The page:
There's a fascinating post over at Collectors Weekly about the first "hunk," Eugen Sandow, and the history of objectifying muscular male bodies. In 1894, when Sandow became famous, it wasn't for actually lifting things, strongman style. It was for just posing and looking fine.
As Hunter Oatman-Stanford writes, "Not only did Sandow have one of the finest musculatures in the Western world, but he made physical beauty his primary talent: Instead of focusing on daring feats, Sandow simply posed like a gorgeous hunk of marble." Does Joe Manganiello know about this?
Oatman-Stanford interviews David L. Chapman, whose latest book, Universal Hunks, explores the early days of working out for the sake of working out — for aesthetics, not for health. This was intricately linked to sexuality.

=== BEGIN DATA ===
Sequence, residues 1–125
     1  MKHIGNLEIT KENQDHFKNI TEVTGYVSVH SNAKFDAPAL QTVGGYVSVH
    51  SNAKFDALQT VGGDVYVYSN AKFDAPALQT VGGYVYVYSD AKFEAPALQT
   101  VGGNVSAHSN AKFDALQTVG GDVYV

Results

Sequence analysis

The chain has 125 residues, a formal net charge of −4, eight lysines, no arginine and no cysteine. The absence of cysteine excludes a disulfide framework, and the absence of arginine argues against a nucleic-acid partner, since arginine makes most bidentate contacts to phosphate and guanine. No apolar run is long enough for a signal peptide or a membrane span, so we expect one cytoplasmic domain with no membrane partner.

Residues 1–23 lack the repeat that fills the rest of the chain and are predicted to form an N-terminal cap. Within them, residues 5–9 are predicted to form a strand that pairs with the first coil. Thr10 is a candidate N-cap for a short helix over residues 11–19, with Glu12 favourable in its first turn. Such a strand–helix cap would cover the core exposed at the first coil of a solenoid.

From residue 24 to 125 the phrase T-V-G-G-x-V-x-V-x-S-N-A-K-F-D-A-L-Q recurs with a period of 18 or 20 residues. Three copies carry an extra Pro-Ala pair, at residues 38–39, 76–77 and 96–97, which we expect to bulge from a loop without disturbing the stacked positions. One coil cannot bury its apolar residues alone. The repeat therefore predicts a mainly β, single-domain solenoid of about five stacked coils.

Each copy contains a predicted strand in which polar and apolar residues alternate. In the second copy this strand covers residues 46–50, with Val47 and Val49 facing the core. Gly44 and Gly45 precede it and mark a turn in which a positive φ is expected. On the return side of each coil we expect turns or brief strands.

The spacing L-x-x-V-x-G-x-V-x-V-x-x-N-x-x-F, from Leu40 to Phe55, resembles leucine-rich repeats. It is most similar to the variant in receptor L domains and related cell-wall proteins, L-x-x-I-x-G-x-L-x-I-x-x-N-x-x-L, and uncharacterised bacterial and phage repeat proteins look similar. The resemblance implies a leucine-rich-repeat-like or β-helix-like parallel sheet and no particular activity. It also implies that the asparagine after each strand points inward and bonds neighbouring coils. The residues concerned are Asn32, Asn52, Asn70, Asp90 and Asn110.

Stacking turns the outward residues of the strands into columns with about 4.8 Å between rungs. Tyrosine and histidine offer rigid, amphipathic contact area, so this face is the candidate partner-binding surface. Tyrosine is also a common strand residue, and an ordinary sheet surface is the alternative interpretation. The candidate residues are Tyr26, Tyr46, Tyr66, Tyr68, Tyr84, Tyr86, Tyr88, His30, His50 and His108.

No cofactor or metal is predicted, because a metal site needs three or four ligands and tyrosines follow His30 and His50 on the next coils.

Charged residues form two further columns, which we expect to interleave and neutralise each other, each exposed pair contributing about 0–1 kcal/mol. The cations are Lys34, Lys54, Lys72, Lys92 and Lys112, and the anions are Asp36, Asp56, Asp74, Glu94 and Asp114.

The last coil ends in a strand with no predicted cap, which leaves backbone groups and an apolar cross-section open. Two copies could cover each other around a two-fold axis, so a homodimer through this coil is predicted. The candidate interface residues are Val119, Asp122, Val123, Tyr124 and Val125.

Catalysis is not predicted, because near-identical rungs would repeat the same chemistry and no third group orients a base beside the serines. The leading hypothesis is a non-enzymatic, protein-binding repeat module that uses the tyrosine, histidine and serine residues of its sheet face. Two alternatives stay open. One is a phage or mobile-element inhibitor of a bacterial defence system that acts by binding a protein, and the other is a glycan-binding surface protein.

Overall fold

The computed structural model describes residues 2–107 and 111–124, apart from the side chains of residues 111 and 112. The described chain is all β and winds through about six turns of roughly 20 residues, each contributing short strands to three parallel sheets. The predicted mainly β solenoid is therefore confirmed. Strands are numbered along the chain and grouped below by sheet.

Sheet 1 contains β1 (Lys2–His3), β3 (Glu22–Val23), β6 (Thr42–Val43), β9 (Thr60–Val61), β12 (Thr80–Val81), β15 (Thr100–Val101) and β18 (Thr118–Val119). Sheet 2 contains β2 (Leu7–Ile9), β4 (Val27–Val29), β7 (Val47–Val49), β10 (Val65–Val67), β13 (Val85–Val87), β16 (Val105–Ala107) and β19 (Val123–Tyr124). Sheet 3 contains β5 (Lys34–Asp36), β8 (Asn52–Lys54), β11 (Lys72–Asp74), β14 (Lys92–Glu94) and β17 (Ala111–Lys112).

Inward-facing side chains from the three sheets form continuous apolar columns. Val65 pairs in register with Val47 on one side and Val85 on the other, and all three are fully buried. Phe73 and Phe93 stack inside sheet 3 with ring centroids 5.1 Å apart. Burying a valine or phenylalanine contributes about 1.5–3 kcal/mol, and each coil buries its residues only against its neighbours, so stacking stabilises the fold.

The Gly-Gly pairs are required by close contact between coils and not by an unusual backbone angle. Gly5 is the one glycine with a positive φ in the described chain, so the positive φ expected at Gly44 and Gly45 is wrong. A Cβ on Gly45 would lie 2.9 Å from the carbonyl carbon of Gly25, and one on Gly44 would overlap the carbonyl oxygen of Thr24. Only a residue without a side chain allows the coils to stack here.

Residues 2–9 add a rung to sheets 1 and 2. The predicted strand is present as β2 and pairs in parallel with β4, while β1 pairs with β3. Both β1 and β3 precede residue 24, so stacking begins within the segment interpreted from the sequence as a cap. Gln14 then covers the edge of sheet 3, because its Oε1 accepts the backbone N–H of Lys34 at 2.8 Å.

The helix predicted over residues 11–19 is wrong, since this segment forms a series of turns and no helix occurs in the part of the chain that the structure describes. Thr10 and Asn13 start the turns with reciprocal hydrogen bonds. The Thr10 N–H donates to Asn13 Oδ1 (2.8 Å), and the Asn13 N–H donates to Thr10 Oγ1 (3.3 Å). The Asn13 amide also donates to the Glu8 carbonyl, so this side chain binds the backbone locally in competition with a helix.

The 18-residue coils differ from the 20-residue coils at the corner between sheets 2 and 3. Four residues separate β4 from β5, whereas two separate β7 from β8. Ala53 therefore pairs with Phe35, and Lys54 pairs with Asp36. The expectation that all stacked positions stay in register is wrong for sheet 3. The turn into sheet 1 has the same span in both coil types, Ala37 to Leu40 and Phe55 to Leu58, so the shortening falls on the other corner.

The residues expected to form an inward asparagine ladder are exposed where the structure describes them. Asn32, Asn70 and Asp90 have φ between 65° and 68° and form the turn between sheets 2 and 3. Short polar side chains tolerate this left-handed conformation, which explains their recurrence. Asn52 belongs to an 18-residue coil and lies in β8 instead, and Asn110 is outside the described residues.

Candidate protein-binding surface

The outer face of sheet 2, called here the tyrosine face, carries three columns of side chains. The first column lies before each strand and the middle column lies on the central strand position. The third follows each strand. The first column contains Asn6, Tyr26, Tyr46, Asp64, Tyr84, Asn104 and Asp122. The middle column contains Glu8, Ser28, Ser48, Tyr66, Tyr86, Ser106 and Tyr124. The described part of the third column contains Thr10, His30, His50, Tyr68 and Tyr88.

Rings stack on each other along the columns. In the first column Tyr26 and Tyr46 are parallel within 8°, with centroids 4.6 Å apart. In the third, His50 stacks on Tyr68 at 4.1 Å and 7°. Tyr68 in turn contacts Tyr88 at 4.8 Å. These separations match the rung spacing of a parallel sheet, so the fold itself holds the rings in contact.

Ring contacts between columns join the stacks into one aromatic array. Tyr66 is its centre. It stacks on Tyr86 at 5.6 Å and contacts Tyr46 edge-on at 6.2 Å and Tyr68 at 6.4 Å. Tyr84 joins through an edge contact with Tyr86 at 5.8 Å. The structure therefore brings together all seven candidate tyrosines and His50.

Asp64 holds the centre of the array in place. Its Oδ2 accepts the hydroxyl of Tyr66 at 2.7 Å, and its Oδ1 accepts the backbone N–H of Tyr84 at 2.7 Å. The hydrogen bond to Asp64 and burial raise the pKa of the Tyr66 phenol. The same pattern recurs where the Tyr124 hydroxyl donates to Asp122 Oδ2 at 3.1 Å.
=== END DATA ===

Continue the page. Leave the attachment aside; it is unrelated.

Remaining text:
Sandow established the vocabulary of physique photography that was carried on until the ’50s and ’60s. As long as the hunk was posed like a statue, you could get away with it. If he was posed in a more provocative style, then it was considered pornography. You had to be careful. There was a thin line you had to tread.
Chapman also explains how early physique magazines evolved into gay porn:
If you say it’s a health magazine, people won’t shut you down. If they say this is gay softcore porn, you would get shut down immediately.
Awesome images of Sandow, vintage physique magazines and lots more at the link!